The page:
The top three benefits outdoor education can have for young people
Ali Logan from Raleigh’s training team shares his experience as an Outdoor Educator and the top three benefits outdoor education can have for young people.
Experiential learning – Outdoor education allows people to come up with their own solutions to practical problems. For many people this is a huge breath of fresh air having been through a rigidly structured education system that focuses on exam results. Experiential learning is about making mistakes and learning from them. There’s no better way of figuring out the best solution to a problem than trying several and seeing which works best! This approach usually means we remember the solution, the next time we face a similar problem.
Young people who have been told for years that they are not bright or have no potential can often find themselves excelling at practical skills. Witnessing the realisation in young people that life is not all about what you can write in an hour-long exam is one of the best things about working in outdoor education.
Resilience – I think this is one of the most important things that can be developed through outdoor education. Resilience is not a skill; it is not memorised knowledge; it is not something that can be taught in a classroom. It is an attitude and approach to life that can only be developed through challenging experiences. Outdoor education can provide these experiences in a safe way, allowing young people to develop in a challenging but supportive environment.
Mental wellbeing – Being in the outdoors is essential to mental wellbeing. We have become so disconnected from the natural world, many of the stresses we have are due to living in an environment we were not designed for. Our world is too fast-paced, too loud, too light, too comfortable. Being in a natural outdoor environment can hugely contribute to reducing the stresses caused by our modern ways of life. This is not just a hippy theory, research has been done and quantifiable evidence found that this is the case. Stanford University have published a short video on their research. There are several published academic papers on this too, such as this one from an American Medical Journal.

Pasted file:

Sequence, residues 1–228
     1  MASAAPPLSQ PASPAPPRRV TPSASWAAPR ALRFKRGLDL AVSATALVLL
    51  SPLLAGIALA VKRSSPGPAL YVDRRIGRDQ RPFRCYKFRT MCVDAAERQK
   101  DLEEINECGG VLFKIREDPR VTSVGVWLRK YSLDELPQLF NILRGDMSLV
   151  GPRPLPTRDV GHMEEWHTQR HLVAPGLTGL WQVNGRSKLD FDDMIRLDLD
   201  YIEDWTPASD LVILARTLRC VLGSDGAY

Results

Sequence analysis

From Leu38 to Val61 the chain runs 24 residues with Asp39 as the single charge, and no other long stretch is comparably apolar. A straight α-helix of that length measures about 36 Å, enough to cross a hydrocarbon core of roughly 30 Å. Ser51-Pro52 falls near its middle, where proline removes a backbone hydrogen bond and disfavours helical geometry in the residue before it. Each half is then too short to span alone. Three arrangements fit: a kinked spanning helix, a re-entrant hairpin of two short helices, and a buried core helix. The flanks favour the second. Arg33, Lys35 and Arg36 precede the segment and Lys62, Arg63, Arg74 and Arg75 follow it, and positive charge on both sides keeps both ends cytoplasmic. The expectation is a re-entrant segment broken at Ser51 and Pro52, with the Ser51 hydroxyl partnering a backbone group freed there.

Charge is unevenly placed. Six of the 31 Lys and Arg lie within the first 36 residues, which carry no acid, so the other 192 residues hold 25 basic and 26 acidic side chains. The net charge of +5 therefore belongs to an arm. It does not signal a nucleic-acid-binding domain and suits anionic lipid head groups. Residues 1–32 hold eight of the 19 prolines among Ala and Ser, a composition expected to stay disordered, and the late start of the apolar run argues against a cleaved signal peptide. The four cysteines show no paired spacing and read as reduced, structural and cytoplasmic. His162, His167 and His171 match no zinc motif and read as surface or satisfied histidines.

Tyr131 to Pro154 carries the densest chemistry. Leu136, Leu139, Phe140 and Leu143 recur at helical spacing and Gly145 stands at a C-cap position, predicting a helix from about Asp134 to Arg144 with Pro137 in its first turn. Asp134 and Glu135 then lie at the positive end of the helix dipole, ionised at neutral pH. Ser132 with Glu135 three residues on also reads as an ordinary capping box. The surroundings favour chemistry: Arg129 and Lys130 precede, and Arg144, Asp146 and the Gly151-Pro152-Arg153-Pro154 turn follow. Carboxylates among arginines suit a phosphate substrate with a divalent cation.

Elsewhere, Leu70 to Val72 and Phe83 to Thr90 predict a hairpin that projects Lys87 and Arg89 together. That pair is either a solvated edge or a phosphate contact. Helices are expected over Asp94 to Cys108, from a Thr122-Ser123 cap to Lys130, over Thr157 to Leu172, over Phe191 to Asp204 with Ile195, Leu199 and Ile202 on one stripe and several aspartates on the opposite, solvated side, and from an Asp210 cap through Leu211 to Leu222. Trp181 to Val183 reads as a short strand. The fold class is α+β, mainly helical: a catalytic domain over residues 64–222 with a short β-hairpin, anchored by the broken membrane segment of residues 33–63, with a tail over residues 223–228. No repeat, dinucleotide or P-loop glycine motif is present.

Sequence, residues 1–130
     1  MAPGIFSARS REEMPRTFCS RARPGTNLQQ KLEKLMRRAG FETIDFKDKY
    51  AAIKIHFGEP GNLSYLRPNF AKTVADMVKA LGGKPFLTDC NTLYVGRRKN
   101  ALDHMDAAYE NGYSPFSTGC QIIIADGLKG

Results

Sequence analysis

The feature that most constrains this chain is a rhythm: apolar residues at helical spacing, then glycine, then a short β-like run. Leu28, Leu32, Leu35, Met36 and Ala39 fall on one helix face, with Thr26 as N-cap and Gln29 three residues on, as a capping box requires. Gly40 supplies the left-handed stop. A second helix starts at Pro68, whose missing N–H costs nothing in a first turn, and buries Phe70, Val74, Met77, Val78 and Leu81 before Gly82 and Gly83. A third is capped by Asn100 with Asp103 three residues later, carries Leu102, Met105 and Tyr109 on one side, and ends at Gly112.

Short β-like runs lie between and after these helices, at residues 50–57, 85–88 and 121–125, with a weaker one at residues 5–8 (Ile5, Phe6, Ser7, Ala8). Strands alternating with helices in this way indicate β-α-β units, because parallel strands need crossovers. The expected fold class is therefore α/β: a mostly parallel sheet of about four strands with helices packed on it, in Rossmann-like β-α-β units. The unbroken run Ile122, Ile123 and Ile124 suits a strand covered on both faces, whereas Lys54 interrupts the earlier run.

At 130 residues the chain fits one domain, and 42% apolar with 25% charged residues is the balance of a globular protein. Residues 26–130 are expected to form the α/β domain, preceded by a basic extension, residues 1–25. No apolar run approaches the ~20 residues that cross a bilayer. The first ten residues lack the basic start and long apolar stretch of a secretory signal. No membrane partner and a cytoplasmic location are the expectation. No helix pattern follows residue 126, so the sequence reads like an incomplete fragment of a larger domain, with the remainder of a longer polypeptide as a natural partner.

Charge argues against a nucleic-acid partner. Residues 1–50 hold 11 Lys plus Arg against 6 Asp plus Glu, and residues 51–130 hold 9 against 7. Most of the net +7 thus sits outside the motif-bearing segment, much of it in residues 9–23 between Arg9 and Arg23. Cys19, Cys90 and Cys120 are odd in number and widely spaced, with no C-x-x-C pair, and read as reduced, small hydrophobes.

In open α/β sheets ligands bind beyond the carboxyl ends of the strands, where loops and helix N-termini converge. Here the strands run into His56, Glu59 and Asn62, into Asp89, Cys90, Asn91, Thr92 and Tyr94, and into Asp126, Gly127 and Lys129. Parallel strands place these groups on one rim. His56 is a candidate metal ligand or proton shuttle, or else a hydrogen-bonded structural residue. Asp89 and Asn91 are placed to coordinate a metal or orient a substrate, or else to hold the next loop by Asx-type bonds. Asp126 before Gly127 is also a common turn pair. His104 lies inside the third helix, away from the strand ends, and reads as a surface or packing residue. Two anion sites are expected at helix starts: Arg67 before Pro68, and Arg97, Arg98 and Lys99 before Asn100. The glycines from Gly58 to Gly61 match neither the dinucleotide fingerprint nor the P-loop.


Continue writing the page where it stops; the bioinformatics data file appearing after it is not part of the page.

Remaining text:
I have personally seen how even short periods in the outdoors can lower stress indicators in young people. When removed from the urban environment, electronic devices and disconnected from social media, people tend to be less anxious, less aggressive and less confrontational. When you add to this the sense of achievement and satisfaction you can get through outdoor education I believe it has a hugely positive impact on mental wellbeing.